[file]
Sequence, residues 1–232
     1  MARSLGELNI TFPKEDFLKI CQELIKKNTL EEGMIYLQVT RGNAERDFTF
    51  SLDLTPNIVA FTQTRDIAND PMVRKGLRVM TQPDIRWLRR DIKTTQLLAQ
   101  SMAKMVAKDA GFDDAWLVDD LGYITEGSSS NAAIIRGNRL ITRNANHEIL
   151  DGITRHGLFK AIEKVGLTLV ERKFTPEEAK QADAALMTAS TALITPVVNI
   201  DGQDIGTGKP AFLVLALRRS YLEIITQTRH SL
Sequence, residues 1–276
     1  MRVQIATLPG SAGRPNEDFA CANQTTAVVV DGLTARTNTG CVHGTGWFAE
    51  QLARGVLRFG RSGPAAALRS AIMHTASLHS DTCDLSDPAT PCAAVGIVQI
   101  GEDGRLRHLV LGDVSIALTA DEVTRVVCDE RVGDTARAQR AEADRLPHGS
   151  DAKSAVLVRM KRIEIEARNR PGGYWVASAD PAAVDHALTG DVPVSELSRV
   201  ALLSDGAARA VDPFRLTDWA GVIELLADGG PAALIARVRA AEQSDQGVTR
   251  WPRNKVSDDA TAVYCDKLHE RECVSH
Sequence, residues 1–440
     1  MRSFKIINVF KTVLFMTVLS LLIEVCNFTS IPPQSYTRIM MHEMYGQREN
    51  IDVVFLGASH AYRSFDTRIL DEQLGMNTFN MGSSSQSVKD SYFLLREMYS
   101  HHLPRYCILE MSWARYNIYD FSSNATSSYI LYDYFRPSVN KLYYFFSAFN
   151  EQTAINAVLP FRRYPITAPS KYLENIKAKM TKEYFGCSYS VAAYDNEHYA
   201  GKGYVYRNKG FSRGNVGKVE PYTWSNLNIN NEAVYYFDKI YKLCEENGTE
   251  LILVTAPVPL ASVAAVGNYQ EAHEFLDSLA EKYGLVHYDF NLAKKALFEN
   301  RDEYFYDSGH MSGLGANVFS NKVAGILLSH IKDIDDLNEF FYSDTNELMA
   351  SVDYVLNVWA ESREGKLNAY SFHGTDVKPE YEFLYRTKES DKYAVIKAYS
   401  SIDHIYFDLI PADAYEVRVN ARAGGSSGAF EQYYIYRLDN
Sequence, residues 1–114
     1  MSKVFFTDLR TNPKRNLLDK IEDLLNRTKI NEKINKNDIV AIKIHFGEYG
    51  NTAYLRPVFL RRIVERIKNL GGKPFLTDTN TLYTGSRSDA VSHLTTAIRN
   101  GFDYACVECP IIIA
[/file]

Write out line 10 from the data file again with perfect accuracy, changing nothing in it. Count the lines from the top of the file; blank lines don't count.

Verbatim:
   101  GEDGRLRHLV LGDVSIALTA DEVTRVVCDE RVGDTARAQR AEADRLPHGS